The move is part of Telecom Italia's defence against a 53bn euro hostile bid from Olivetti, the reformed electronics group that is one-sixth of its size.
If Telecom Italia shareholders approve the TIM buyout, the group could become too large for Olivetti to pursue.
Telecom Italia surprised observers with the bid, which values TIM shares at 6.84 euros each - an 18 per cent premium to Friday's closing price.
Telecom Italia is also planning to offer 3.85 euros for each TIM savings share, a premium of almost 9 per cent. The company already owns 60 per cent of TIM's share capital and 20 per cent of its savings shares.
Plans for the cash bid come after shareholders had criticised Franco Bernabe, Telecom Italia's managing director, for drawing up a plan to offer Telecom Italia shares in return for TIM shares. They argued that Telecom Italia should use its balance sheet strength to take on more debt.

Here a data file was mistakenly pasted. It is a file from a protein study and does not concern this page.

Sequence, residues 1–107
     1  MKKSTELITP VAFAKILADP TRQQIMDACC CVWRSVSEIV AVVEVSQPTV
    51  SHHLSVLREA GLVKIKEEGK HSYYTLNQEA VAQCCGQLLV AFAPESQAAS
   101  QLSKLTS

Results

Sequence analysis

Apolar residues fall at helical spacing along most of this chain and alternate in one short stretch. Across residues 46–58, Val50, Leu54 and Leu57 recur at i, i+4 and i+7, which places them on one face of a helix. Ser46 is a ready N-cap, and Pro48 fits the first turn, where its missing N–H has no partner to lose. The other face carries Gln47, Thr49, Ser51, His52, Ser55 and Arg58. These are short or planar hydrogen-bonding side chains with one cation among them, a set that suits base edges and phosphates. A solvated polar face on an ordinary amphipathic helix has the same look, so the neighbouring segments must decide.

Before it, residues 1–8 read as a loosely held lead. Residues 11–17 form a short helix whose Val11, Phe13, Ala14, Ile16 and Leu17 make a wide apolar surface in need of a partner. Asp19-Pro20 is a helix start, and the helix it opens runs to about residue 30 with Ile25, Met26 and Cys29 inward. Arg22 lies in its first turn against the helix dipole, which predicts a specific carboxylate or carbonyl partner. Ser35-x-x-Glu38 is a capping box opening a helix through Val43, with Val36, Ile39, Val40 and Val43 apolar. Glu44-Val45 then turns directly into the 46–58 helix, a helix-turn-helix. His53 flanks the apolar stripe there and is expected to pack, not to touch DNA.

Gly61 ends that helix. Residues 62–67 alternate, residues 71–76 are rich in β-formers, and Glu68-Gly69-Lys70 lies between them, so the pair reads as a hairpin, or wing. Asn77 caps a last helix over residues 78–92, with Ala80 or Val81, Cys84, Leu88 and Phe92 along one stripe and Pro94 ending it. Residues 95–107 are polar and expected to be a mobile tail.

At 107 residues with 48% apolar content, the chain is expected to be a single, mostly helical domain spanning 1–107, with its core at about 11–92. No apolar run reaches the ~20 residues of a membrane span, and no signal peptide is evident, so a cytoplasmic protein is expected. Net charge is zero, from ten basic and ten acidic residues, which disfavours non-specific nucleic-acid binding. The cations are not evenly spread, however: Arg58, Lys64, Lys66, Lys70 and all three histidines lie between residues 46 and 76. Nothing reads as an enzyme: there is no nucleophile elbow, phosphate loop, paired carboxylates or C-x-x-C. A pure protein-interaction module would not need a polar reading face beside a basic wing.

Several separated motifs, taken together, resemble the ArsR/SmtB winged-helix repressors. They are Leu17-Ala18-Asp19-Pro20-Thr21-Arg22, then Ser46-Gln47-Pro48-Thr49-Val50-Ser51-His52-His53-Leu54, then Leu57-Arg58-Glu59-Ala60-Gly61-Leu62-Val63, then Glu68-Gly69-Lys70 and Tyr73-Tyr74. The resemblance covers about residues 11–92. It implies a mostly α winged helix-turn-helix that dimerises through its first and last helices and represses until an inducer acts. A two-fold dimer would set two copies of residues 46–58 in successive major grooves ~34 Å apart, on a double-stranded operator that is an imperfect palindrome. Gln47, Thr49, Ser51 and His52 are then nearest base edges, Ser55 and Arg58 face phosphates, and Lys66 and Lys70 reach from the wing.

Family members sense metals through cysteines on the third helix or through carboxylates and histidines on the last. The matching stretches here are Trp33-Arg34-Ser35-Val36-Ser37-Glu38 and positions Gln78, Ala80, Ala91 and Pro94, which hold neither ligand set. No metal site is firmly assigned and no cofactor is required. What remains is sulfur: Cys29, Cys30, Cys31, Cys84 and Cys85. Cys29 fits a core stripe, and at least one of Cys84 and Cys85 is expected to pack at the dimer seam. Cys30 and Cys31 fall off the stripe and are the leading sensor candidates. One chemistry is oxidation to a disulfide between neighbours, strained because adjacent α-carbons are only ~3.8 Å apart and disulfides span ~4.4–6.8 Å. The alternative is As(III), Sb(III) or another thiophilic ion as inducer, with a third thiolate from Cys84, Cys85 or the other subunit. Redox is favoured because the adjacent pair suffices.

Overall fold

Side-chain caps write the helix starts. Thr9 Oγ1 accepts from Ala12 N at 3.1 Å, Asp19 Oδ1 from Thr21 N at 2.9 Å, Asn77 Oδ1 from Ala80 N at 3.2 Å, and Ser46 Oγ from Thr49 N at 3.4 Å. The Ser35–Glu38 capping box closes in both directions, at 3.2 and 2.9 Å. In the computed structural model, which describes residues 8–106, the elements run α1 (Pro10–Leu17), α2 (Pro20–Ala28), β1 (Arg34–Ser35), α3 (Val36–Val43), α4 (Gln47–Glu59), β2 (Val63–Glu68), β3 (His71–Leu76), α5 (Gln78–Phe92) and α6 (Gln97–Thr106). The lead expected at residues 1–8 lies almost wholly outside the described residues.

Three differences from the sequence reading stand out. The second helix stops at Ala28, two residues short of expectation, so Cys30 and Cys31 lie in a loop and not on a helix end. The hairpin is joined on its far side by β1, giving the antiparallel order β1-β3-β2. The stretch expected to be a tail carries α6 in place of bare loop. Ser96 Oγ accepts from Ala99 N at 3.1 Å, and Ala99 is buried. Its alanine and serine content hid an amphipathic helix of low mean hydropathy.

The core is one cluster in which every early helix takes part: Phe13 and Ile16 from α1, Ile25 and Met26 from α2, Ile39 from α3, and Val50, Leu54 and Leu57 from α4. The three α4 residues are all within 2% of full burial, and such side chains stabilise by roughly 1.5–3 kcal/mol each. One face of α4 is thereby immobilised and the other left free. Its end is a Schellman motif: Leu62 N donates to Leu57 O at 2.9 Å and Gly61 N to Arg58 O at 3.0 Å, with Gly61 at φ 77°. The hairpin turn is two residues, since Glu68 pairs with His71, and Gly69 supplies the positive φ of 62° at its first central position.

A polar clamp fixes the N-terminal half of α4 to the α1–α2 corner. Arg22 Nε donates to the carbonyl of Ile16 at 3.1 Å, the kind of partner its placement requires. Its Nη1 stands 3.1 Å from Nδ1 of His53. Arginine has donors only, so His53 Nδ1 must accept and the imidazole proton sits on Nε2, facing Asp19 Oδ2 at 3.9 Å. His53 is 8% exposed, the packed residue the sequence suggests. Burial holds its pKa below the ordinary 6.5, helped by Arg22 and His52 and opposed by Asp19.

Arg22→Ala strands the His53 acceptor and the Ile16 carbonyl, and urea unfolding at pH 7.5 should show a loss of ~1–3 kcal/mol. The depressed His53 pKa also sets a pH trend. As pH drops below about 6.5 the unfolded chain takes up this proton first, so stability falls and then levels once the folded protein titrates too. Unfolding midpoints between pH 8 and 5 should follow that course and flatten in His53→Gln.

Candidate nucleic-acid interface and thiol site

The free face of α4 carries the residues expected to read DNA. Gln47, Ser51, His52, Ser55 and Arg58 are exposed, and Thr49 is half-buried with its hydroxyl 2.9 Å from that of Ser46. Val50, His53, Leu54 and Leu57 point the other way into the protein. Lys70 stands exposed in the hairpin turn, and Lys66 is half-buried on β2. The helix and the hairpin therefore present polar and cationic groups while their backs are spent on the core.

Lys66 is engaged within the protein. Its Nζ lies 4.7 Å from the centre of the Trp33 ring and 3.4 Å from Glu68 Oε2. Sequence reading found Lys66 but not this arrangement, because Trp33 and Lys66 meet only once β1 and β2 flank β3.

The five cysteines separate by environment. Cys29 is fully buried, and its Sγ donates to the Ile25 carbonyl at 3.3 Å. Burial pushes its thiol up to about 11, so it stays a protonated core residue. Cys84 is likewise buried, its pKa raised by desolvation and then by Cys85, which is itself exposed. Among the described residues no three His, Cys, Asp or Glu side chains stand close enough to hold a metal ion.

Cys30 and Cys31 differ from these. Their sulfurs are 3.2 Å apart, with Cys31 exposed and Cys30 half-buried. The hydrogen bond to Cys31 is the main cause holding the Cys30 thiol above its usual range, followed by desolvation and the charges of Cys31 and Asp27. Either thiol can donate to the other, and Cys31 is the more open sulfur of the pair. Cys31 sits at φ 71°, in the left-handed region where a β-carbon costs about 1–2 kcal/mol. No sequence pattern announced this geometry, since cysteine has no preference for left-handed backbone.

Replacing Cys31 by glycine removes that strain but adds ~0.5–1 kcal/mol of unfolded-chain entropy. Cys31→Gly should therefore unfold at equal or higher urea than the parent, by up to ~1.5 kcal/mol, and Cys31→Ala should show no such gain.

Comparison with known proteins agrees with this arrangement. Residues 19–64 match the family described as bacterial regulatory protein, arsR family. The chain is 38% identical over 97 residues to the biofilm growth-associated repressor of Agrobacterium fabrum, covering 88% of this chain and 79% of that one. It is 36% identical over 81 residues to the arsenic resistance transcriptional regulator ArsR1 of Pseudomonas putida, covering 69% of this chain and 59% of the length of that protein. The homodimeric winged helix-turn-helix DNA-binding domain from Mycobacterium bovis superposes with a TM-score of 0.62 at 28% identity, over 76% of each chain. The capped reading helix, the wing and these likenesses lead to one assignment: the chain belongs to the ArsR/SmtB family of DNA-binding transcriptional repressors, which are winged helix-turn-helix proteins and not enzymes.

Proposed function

Many mutual fund managers would also have been disadvantaged by the all-share offer, which would have lifted the value of their Telecom Italia shareholdings above the ceiling up to which a mutual fund is allowed to invest in a single stock.
However, sources close to Olivetti said the proposed buyout would still dilute Telecom Italia's earnings per share because the deal would incur a huge goodwill charge.
One observer said: "It's not a creation of value. It's a poison pill designed to help Bernabe keep his job."
Telecom Italia is likely to seek shareholder approval for the measures at a meeting provisionally scheduled for the end of April.
It needs approval from 30 per cent of its shareholders in order to press ahead with the move on the mobile phone arm.